agricultural production in the famine
districts has been made by the min
istry of communications. These rates
were made effective for six months
from February 1.
Eagle Boat in Distress
Los Angeles, March 26. An Eagle
boat with a crew of 20 men broke
her tow from the supply ship Glacier
off Point Arguello, Cal., and was
reported in distress by a radio mes
sage received at San Pedro. The
Eagle boat was reported helpless be
cause of a broken rudder. '
Circulate Petitions
Lodgcpole, Neb., March 26.
(Special.) Petitions are being circu
lated for Mayor C. D. Morehend and
Councilman K.'A. Peterson lor re-
Tornadic Winds
Destroy Barns
. Near Hastings
Warning Issued of Storm
Danger Hail Does Dam
age at Kencsaw-Light
Rains Are General.
... Hastings,' Neb., Marc'h 2o. (Spe
cial Telegram.) Tornadic wind3
caused extensive damage at Hansen
and between Hansen and Trumbull, a
few miles northeast of Hastings,
about 3 Saturday morning. In Han
sen the lumber yard and home cf
F. E. Fuller were unroofed, be
sides minor damage to smaller build
ings. Some live stock was killed.
Southeast of Hansen windmills
were blown down and chimneys
wrecked. Barns on the Eli Harmon
and Truman Barrows farms were
wrecked. Near Trumbull barns be
longing to John Bierman, John Wis
ner and Paris Ditlemore were de
stroyed. Forty telephone poles were
blown down between Hastings and
Hansen, cutting off communication.
Rain followed the twisters.
At 3 this afternoon Local Weather
Forecaster Kent warned the locality
of possible danger due to a condi
tion of temperature and barometric
pressure similar to that which pre
ceded the Omaha Easter storm
The wind gained velocity all day, but
at 4 conditions became more sta
tionary and it was believed all dan
ger was past.
Reports that Edgar had been wiped
out were groundless, but inquiry re
vealed that, sand ' which had been
used on the streets there was so
thick in tiie air that people could not
see 25 feet. Hail caused some dam
age at Kenesaw. A light rain was
general in this section.
Harding Expresses
Sympathy for Irish
Washington, March 26. In re
sponse to a request by a group of
Irish leaders in this country, Presi
dent Harding sent to New York to
night a message of sympathy for the
I Irish relief movement, to be read at
a meeting there April 3.
municationsaid: "I wish "you the fullest measure
of succiss, not only in the great ben
efit performance at the Metropoli
tan Opera house on April 3, but in
every worthy effort to make a be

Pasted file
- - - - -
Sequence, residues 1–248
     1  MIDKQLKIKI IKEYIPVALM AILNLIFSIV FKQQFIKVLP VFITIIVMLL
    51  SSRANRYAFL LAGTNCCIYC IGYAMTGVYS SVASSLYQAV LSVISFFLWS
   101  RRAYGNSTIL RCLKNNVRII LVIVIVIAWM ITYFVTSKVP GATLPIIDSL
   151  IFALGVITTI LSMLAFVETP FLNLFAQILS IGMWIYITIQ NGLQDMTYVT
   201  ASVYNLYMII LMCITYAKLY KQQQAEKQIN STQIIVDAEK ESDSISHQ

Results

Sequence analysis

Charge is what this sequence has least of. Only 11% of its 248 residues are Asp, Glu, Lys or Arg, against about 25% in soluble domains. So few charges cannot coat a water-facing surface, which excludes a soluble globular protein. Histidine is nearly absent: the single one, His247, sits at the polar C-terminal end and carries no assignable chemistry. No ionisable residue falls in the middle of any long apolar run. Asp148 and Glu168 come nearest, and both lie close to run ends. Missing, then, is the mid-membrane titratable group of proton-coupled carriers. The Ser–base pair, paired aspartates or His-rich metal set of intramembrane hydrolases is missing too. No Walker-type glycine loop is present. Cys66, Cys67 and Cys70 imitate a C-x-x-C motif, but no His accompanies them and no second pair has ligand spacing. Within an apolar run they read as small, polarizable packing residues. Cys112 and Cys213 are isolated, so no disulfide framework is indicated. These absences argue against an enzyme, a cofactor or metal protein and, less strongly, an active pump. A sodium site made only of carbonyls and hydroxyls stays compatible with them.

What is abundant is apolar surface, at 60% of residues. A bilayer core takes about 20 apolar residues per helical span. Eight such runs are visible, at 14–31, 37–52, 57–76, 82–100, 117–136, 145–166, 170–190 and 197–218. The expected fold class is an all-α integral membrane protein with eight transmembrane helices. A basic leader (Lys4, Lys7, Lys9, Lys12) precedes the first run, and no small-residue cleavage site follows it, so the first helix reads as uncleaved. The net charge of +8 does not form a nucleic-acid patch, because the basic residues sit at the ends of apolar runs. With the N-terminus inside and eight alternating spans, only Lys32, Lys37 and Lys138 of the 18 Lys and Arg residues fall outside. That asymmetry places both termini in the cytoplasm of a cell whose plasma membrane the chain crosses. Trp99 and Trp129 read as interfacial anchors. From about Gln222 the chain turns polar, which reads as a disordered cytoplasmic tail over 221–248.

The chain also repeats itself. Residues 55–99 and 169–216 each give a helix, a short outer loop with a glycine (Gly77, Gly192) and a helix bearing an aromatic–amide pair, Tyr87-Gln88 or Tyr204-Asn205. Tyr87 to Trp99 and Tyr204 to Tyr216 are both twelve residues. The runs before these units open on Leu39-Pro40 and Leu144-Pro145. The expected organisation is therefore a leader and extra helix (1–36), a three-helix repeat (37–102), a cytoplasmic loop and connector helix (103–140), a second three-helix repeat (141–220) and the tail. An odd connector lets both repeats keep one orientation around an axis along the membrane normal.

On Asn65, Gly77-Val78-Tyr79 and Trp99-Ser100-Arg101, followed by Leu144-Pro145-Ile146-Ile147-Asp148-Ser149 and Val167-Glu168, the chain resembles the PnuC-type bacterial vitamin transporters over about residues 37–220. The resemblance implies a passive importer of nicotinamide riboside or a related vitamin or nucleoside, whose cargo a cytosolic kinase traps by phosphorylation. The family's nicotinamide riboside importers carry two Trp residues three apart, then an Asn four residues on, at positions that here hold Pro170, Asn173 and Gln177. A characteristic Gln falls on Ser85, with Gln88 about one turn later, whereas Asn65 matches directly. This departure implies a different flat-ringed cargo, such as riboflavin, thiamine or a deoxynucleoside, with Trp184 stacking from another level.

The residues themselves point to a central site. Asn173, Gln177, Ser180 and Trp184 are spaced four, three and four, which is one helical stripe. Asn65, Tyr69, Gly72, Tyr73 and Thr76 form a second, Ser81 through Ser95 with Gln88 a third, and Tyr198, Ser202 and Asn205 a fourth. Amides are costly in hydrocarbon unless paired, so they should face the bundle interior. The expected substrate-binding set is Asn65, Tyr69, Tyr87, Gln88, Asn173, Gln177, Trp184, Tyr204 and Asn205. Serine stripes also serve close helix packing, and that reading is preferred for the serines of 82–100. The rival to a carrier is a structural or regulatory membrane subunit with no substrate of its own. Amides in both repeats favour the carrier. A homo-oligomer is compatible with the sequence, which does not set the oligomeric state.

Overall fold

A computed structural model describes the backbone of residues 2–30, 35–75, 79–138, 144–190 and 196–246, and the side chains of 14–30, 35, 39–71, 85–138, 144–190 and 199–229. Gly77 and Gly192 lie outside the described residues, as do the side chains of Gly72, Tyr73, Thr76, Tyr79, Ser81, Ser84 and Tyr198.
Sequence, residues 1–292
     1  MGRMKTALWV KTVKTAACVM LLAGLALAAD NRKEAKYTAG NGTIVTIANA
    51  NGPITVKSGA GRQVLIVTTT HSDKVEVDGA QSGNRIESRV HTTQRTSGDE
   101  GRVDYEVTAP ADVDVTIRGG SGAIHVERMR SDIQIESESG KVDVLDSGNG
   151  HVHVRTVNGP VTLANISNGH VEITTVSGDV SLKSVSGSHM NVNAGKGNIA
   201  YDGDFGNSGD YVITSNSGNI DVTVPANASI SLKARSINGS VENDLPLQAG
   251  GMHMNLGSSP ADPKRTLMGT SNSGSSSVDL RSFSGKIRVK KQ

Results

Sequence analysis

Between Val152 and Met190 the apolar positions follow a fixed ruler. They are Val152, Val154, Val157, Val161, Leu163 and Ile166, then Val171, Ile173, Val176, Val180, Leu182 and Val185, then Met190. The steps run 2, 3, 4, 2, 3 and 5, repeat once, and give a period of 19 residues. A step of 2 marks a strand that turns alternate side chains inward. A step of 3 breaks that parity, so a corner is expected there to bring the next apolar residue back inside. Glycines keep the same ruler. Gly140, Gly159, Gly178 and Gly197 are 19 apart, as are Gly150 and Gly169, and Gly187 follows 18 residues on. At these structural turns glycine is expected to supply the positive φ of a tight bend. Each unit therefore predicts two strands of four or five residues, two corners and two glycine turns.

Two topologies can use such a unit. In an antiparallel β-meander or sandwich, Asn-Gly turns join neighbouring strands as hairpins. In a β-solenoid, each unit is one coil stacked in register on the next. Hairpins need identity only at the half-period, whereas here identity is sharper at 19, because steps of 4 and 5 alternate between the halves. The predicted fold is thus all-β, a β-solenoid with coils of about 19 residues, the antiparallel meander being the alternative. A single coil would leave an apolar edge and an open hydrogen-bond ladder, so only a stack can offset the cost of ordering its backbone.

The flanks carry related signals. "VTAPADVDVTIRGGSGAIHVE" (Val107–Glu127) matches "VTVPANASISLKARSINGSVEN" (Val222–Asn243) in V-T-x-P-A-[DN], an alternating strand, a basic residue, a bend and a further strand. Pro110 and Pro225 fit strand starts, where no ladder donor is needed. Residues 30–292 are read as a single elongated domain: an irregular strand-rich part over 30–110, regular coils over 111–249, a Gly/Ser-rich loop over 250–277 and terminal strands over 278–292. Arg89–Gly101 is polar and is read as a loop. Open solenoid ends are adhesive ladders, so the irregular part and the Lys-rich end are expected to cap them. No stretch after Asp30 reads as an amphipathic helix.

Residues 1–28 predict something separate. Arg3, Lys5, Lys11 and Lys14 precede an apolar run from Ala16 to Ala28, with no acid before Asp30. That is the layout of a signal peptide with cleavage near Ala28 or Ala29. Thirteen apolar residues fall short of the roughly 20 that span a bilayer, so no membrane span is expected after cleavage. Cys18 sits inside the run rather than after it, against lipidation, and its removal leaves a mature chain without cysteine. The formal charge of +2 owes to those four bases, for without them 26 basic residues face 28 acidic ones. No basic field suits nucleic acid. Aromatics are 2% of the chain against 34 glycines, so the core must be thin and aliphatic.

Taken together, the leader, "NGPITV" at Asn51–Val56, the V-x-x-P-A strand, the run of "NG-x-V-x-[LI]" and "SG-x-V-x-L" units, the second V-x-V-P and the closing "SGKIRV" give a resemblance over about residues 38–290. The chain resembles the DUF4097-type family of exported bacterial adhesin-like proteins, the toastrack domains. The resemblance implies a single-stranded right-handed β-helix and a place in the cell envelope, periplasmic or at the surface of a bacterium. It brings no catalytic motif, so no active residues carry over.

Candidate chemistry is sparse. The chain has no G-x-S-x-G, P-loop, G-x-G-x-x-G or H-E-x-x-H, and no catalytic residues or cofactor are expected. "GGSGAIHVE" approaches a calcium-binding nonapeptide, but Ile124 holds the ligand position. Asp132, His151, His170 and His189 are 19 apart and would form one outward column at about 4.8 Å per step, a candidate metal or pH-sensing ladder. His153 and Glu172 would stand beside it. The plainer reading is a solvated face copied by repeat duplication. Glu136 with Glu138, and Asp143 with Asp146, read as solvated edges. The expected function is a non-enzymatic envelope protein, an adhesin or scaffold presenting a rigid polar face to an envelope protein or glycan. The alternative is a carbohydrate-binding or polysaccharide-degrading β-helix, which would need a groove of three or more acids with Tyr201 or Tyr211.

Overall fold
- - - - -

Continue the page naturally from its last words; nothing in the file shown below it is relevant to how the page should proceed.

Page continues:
coming contribution on the part of
our people to relieve distress among
the women and children in Ireland.
The people of America never will be
deaf to the call for relief in behalf
of suffering humanity and the knowl
edge o distress in Ireland makes a
deep appeal to the more fortunate
of our own land whire so many of
our citizens trace-kinship to the
Emerald Isle."
War Veteran 103 Years Old
Falls in Well and Drowns
Newport News, Va., March 26.
John Thomas, 103, lightly touched
by Father Time, and hale and hearty
despite four years of hunger and
hardships with the Confederate
forces, fell in a well near his home
this week and was drowned. He
made his home with Mrs. Mary E.
Texas Bank Robbed
Ercckenridge, Tex., March 26.
The Guaranty State Bank of Brcck
enridge closed its doors at 12:30
o'clock this afternoon. It was stated
unofficially that the bank held large
amounts in notes, paying power of
which had been curtailed by recent
reductions in the price of crude oils.
The Easter Bonnet
$1,000,000 Issue
In M.E. Smith Co.
Stock Announced
Increase in Capital Stock
Taken by Owners of Com
mon Stock And Louis
C. Nash.
An increas of $1,000,000 -in the
capital stock of M. E. Smith & Co.
has been announced with plans for
immediate increasing the business.
This new' issue of stock is being
taken by the Present owners of the
common stock and by Lcuis C.
Nash. . , .
Under the new arrangements, A.
C. Smith becomes chairman of the
board of directors, Ward M. Bur
gess succeeds him as president, while
Mr. Nash succeeds Mr. Burgess as
first vice president. The other of
ficers of the company will remain
as at present. Mr. Nash 'will con
tinue to hold the position of presi
dent of the Burgess-Nash company.
"We have increased our capital
stock merely to be in position to take
advantage of the opportunities ahead
of all wide-awake institutions," said
Mr. Smith in commenting on the
change in capitalization and officers
of the company.
Evidence of Big Price